We once brought bales of hay into the classroom for a week. It was fun, but it turns out they're something better left for the outdoors, especially since I'm prone to allergic reactions, including asthma. Concentrating all that hay indoors for a week turned out to be a little much for me.
The good news is that opportunities abound for outdoor hay bale play around here this time of year. Our last two field trips (nursery, organic farm), in fact, have featured hay mazes, and the children always report that their favorite part of any field trip even peripherally involving a hay maze, is, well, the hay maze. We could fly to the moon on a rocket, and I'm pretty sure that if there was a hay maze prior to lift-off, that's what we would be talking about the next day.
There are secrets inside mazes, even ones made from gym mats. They make mysterious spaces out of old familiar places.
Many of us stand outside of them at first, summoning up a bit of courage. We don't have the benefit of the preview the grown-ups get from up there where their heads live. We're down here, lower to the ground where there is so much more that is unknown.
Others of us just plunge right in, making the rounds quickly, wildly, shrieking when we're surprised by a friend coming around a blind corner. Bumping into the friends who are following us, like a scene from The Three Stooges, when we unexpectedly come to a dead end. We chase around and through and between and over, finding our way, losing ourselves, finding our way again. Converting those unknowns into things we now know.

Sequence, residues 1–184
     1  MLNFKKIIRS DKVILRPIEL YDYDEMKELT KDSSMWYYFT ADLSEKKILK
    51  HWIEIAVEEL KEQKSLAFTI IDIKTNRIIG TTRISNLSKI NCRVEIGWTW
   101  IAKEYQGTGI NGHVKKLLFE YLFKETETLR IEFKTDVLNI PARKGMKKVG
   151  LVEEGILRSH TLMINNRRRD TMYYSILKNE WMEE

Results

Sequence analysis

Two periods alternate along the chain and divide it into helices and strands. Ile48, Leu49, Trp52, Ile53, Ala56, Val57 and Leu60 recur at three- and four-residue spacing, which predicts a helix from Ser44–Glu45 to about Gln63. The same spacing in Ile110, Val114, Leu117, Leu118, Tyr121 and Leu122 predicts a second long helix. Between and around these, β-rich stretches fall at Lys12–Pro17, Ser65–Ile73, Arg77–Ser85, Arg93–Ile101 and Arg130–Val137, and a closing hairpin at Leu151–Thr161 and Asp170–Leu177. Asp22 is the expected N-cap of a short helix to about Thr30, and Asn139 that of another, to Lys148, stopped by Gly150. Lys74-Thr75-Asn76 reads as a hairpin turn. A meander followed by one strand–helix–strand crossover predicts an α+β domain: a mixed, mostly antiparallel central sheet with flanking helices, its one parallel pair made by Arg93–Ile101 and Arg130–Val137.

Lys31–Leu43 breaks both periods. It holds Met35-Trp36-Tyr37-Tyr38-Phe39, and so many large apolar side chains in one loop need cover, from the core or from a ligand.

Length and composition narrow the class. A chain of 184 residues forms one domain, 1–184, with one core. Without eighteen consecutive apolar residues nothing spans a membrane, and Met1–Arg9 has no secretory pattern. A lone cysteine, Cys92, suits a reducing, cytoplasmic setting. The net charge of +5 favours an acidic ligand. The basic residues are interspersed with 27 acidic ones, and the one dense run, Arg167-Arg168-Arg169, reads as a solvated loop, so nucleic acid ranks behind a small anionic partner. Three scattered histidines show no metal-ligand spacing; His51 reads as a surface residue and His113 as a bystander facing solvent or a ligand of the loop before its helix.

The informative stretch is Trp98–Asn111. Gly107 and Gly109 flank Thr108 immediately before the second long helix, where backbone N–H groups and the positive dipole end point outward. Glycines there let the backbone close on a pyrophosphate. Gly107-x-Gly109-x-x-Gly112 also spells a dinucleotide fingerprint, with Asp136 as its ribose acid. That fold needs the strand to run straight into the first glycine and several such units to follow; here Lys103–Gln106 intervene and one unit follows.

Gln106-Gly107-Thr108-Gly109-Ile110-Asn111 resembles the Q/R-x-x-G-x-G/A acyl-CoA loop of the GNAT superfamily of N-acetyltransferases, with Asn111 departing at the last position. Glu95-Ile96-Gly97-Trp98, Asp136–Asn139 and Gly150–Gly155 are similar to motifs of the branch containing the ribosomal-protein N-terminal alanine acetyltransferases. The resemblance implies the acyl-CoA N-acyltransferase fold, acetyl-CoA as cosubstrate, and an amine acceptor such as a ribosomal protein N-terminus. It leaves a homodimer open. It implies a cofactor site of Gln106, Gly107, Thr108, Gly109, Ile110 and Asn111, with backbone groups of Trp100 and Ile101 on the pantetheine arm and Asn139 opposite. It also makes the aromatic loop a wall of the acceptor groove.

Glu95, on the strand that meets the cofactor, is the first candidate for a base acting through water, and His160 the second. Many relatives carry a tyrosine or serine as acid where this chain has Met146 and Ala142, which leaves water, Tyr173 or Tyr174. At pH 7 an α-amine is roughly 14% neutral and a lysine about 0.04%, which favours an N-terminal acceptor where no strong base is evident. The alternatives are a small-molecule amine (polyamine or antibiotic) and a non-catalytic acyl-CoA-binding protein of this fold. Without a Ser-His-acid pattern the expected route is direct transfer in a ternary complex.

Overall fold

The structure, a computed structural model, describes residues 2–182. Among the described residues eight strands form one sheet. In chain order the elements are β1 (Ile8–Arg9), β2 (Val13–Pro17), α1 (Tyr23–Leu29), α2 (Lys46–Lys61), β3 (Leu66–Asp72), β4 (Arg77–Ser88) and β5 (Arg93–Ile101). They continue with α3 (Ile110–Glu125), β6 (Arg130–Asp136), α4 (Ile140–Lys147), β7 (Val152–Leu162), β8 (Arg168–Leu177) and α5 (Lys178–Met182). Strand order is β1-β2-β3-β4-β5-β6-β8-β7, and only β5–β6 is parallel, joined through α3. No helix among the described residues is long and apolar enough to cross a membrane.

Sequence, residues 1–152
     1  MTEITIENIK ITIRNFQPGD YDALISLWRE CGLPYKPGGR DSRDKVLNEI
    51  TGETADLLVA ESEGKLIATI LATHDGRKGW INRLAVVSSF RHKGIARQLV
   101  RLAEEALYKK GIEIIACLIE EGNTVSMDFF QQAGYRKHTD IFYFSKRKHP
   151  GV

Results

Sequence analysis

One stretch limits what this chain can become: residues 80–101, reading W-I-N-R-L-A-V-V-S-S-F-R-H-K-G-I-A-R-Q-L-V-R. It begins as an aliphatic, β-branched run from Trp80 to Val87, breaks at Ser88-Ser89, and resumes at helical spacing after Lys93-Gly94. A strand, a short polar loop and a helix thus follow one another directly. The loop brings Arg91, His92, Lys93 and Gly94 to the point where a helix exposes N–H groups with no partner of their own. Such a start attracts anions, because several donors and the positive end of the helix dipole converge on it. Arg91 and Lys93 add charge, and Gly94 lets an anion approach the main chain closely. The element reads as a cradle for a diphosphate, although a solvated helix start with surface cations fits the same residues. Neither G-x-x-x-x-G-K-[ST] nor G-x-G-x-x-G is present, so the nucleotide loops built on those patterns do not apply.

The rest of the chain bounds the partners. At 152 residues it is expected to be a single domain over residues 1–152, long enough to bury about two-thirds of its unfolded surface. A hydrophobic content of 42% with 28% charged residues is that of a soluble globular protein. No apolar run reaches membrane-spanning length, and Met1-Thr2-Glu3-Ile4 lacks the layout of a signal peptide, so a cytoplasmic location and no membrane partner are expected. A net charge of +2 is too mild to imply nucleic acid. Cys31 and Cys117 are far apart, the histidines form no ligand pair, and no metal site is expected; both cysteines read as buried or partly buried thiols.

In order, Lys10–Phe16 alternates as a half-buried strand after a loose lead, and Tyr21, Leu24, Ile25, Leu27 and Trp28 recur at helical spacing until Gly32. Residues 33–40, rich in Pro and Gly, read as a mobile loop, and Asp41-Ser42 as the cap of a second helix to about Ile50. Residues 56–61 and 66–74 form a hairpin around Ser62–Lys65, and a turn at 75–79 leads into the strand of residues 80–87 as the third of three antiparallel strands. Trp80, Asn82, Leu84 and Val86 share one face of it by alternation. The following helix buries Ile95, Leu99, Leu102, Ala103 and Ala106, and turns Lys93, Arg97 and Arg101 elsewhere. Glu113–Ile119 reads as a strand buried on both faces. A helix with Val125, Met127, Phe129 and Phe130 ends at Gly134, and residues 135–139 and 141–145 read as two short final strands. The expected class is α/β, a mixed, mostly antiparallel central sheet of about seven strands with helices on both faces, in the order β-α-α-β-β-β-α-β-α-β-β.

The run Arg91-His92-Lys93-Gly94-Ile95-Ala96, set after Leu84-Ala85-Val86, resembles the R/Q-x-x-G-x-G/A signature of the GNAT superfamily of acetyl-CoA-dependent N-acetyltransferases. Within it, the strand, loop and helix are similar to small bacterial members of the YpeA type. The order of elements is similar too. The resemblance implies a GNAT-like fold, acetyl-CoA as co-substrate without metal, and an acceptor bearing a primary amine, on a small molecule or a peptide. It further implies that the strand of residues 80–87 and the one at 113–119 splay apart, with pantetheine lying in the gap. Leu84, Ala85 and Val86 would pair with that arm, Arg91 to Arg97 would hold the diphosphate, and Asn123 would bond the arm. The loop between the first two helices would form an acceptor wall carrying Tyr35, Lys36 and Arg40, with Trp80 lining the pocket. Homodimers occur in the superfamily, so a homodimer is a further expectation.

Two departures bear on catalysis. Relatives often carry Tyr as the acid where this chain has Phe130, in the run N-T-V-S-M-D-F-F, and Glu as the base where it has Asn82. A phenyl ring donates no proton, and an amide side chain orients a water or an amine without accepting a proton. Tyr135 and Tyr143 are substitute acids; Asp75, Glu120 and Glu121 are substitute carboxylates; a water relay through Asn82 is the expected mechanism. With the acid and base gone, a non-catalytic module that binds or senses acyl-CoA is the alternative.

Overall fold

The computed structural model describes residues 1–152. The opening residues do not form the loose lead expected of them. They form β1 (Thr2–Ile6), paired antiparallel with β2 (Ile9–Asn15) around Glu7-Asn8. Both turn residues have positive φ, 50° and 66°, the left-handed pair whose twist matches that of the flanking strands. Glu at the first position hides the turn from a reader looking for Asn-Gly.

Saying to our friends, "Come on, this is the way out!"
Or, "This is a good place to hide."
Or, "This can be where we live."
As we figure things out, we start giving things names, like mapmakers do, to orient ourselves and others. "Come on, everybody, into the circle house where it's safe!"
The light in our familiar classroom is different in here, an exciting and slightly disorienting mix of shadow and reflection off those primary colored vinyl surfaces.
It doesn't take long, however, before we've named everything, and we're all just pretending to be lost, pretending to be startled by our friends.
And that's when it really gets fun -- knowing and pretending to not know. Try taking that attitude toward Christmas or the Fourth of July. Grown-ups rush in to correct us lest someone think we're heretics or insufficiently patriotic. All the other holidays want you to just know.
Pretending to not know: that's what makes Halloween the best holiday.